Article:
Wondering whether, where and how often you should socialize with coworkers? Weighing the pros and cons of getting to know them on a personal level? Thinking about how it might help (or hurt) your career? I spoke with four workplace experts to get some answers.
“Socializing with your coworkers is essential for your career,” says Alexander Kjerulf, an international author and speaker on happiness at work. “If you're not able to relate to your coworkers as human beings and build positive relationships, your career will suffer. Socializing and getting to know them as people will help you to communicate better, trust each other more and work better together. Also, employees who have positive workplace relationships are happier at work (in fact, good workplace relationships are one of the most important sources of workplace happiness) and we know that people who are happy at work are more productive, more creative and more successful overall.”
Dr. Maynard Brusman, a consulting psychologist and executive coach, says coworker socializing is prevalent in most offices. “The modern workplace has become a community center, or a ‘home away from home’ where people get many of their social needs met. Neuroscience research supports the idea that our brains are hard wired to connect with others. We spend so much of our time at work, that it's natural that we develop relationships in the workplace.”
Lynn Taylor, a national workplace expert and author of Tame Your Terrible Office Tyrant; How to Manage Childish Boss Behavior and Thrive in Your Job, agrees. She says most coworkers socialize at some level—but a lot depends on the size of company, the corporate culture and the department. “In small companies, there is a lot less formality and the interaction level high – so there can be more socializing in that smaller team environment. At larger companies, the atmosphere is often more conservative, and there’s an unspoken culture of less social engagement. Some business leaders foster a more humanistic, team-oriented workplace and others want the environment to be strictly business. The former approach is always more motivational. The key is finding the happy medium where employees are friendly, courteous and supportive, but not enmeshed in each other’s lives.”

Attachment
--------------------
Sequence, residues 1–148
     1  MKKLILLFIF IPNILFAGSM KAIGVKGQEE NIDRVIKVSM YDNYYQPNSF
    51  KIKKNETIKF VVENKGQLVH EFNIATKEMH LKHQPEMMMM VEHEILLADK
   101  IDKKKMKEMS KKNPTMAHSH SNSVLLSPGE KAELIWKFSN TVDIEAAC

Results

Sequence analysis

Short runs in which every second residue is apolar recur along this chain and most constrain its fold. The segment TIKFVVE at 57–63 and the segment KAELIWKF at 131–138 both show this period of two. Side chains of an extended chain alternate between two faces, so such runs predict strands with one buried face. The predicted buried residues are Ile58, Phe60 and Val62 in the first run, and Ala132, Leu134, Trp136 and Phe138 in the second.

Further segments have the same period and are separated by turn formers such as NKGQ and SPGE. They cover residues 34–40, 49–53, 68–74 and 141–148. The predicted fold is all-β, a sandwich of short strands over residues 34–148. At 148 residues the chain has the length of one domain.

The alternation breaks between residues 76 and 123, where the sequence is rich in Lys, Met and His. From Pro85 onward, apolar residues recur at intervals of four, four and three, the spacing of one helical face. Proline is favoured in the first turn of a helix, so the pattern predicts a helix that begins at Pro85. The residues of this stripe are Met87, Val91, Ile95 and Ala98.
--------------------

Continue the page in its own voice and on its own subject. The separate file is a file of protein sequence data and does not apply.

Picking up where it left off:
According to Brusman, collaborating with colleagues socially can be “very politically savvy [in terms of] building trust and support.” It can help team members get to know each other on a personal level, ultimately increasing engagement, he says. “And it can help when influencing and persuading others is needed to achieve common goals.” Socializing can also be a great way to develop empathy and create a high performance culture among people who are happy to work together on significant goals, he adds. “People can further develop their emotional intelligence and social intelligence skills by socializing with others.”
Taylor believes it is beneficial for colleagues to socialize, to a certain degree. “It’s one thing to show genuine concern for fellow employees. It’s another to divulge your entire private life to a coworker. Building friendly relationships creates a fertile ground for teamwork, and is far better than a sterile workplace that spawns competitiveness and mistrust. That atmosphere engenders more creativity, as people innovate most when they feel supported and the work culture is upbeat and fun.”
How and where should coworkers socialize?
Kjerulf says it should happen both inside and outside the office--but it's most important to be able to socialize in the workplace, since that’s where employees spend the most time with one another. “There should always be time for a coffee break where you don't talk about work, or a fun lunch break where you can laugh and relax with coworkers,” he says. “Also, small office celebrations for birthdays or team wins are a great way to socialize.”
Cali Williams Yost, a flexible workplace strategist and author of Tweak It: Make What Matters to You Happen Every Day, says as a rule of thumb, you should only socialize with coworkers in situations where you are most likely to showcase your best behaviors. “A friend of mine is so passionate about the New York Rangers that he has a hard time controlling his emotions when they play. If they are losing, he can get visibly upset, so he knows he can't ever attend Rangers games with his coworkers because they might not understand his intense reaction. But he has no trouble attending any other sporting event with his team.”